Steven Dietz sat with his legs dangling and ankles crossed on the edge of the stage. Behind the playwright stood an unfinished, war-torn, water-stained antebellum mansion—the set for Matthew Lopez’s The Whipping Man, which opens the 2016 season at Cape May Stage. Twenty young, emerging, and mid-career playwrights faced Dietz from the audience.
“We need your plays,” he told them. “The American theatre is hungry! It’s not full.”
Dietz, a prolific writer with 30-plus plays to his name, had spent the morning outlining techniques that playwrights could keep in what he called their “literary toolbox.” After that, he had led a lively back-and-forth with participants, who ranged in age from their early 20s to older than 70. For the rest of the day, Dietz watched short plays and scenes created by each participant in response to a writing exercise he’d given them, performed by professional actors.
The occasion was the National Playwrights Symposium at Cape May Stage, which took place May 16-19. The theatre’s producing artistic director, Roy Steinberg, and playwright and set designer Shawn Fisher began the program in 2013 as a seminar and workshop where participants can work with and learn from award-winning writers. The program is set against the backdrop of a quaint Victorian island resort on the southernmost tip of New Jersey. (Just past Exit 0 on the Garden State Parkway.)
Besides Dietz, this year’s master playwrights were Christopher Durang, Joshua Harmon, and Mark St. Germain. Past participants include Stephen Adly Guirgis, William Mastrosimone, Lee Blessing, John Pielmeier, Terrence McNally, Amy Herzog, Ken Ludwig, Israel Horovitz, Nicky Silver, David Ives, Halley Feiffer, and David Auburn.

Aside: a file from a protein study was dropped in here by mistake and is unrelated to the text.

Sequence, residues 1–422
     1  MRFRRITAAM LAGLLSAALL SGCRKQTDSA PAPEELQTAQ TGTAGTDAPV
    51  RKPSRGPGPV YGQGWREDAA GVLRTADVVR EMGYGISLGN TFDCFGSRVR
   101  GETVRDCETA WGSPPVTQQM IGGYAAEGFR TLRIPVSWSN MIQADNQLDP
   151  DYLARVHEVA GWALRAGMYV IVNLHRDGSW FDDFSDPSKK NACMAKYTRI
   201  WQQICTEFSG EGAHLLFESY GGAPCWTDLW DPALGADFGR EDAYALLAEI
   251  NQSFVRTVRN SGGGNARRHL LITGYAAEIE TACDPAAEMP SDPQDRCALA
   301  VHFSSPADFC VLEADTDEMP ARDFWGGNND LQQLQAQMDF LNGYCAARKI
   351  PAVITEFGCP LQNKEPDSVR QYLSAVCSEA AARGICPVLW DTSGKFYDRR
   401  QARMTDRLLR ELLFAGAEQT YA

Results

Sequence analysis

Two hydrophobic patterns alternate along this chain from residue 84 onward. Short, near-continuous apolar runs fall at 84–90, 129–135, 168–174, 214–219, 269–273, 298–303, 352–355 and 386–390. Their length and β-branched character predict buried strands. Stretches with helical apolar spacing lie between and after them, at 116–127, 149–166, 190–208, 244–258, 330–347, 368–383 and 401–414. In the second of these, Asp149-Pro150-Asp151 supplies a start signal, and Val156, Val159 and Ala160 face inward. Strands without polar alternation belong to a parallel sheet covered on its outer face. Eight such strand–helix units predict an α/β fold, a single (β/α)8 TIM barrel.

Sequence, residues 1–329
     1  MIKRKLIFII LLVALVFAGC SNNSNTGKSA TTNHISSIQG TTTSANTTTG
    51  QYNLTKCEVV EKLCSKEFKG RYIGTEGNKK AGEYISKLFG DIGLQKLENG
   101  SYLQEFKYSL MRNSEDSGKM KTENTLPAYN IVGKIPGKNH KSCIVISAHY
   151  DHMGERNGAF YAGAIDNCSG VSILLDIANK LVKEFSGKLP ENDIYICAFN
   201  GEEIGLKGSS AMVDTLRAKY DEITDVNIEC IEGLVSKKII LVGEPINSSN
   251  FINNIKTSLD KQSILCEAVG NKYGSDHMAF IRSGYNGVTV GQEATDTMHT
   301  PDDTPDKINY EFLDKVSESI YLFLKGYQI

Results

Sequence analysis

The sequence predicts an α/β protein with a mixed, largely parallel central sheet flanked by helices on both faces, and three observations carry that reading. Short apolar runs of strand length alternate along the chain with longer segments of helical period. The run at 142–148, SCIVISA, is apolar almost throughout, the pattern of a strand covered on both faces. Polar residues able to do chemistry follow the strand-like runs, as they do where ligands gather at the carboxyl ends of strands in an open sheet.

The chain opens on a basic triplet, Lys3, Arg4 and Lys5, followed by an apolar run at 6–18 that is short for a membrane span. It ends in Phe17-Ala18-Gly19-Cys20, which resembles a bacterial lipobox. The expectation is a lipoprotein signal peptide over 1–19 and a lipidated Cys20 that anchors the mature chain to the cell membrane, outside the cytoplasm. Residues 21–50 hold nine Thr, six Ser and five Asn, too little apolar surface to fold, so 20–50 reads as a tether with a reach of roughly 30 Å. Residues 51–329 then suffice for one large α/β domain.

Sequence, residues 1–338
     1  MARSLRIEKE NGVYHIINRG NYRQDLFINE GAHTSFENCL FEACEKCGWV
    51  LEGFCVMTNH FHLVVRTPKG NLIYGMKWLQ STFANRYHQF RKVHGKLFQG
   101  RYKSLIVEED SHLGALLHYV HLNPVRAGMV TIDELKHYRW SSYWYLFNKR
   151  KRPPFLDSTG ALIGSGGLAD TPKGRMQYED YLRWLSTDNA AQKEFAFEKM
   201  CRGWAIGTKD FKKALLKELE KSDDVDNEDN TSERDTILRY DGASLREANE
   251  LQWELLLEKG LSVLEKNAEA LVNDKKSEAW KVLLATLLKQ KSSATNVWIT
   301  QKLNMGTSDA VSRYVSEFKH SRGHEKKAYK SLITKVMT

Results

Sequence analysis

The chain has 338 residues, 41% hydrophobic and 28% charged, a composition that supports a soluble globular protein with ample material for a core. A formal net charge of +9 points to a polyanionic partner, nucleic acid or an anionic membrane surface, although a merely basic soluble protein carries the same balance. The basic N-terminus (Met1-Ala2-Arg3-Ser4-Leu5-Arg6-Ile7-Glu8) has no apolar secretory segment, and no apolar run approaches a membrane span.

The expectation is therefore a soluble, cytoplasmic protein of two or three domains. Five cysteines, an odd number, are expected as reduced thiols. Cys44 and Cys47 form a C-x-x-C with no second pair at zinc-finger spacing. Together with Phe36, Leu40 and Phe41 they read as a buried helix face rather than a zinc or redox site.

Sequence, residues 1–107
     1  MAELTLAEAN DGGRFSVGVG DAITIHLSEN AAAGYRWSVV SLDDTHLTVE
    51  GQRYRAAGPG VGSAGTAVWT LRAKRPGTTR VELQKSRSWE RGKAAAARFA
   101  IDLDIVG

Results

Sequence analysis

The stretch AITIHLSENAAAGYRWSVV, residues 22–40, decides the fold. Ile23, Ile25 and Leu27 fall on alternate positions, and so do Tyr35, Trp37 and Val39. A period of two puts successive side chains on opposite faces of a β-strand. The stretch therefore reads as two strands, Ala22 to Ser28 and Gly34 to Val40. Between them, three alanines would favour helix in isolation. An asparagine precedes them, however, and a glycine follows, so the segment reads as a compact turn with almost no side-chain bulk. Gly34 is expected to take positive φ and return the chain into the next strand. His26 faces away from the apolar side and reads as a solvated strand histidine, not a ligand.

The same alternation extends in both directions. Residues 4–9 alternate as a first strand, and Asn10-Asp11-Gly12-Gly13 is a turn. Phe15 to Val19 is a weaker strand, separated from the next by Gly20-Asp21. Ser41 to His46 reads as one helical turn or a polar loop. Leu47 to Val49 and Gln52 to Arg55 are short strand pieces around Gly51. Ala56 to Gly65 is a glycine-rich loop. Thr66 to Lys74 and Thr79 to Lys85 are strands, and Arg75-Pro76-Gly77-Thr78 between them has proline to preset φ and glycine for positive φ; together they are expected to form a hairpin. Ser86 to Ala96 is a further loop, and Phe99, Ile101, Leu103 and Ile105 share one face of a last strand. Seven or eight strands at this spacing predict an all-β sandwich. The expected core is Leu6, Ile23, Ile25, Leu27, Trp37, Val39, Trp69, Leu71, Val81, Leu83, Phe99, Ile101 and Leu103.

“We wanted to create a beacon, a place where writers could find inspiration, and where master playwrights would want to come to visit,” said Fisher. “There is this notion that a writer’s life is lonely, but theatre is a collaborative art form and the idea that you develop plays on your own is not practical. So the idea of sharing your ideas, sharing new work, and getting feedback from colleagues and from master playwrights is something we wanted to facilitate.”
The formal sessions began at 9 a.m. and concluded at 4:30 p.m., and outside of that time, participants could schedule one-on-one sessions with the master playwrights and exchange ideas over dinner. “In the evening, we have informal gatherings—often late into the night—which are my favorite part,” said Fisher.
Participants paid $595 for the week’s tuition, with Cape May Stage arranging discounted rates at an oceanside hotel during their stay. Master playwrights received an honorarium for their stint, usually much less than their standard speaking fees.
The idea for an annual symposium grew out of Steinberg’s contacts with writers, which he had developed over the years as an actor and director in New York and Los Angeles, and at the Yale School of Drama. He met Fisher in 2009, just after he joined Cape May, while producing Auburn’s Proof at the theatre, and Fisher was brought in to design the set.
“We said, ‘Let’s bring in people we really admire and give aspiring writers some opportunity to meet with luminary playwrights,’” said Steinberg. “It wasn’t our intent, but eventually a nucleus, a group was formed, and many of our participants come back every year.”
Kelly McCarthy, a playwright and former journalist, said that she was attending the symposium for the third time. In September, her first full-length play, The King of East Jabip, will have a four-week run at the Eagle Theatre in Hammonton, N.J. “It’s wonderful,” she said. “You learn from the master playwrights, from hearing your work read out loud, and from your peers.”